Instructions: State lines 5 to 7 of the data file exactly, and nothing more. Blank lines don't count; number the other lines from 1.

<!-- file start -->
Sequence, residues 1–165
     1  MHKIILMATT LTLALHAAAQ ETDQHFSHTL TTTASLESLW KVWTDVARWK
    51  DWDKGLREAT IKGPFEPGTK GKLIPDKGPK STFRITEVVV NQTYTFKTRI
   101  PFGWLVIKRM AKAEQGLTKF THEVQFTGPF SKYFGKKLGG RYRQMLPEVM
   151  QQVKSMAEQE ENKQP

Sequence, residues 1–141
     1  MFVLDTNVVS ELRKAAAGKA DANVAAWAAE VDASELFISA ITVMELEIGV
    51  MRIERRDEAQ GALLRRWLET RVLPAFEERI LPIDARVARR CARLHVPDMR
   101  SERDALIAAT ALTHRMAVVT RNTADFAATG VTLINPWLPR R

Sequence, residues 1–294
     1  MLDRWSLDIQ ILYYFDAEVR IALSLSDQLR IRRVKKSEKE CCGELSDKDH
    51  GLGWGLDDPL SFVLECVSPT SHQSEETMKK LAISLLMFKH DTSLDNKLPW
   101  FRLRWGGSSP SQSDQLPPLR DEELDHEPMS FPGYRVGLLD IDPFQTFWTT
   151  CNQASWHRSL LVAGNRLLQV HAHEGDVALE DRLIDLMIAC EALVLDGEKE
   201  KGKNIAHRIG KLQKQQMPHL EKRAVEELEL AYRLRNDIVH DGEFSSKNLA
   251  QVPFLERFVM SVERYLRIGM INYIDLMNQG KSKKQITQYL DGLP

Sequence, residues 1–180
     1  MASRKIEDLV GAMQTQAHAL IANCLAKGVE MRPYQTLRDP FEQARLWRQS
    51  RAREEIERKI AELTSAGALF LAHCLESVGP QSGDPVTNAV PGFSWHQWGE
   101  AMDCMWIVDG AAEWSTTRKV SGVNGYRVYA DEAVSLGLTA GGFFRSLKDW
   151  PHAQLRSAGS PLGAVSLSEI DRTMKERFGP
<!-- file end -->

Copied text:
   151  QQVKSMAEQE ENKQP

Sequence, residues 1–141
     1  MFVLDTNVVS ELRKAAAGKA DANVAAWAAE VDASELFISA ITVMELEIGV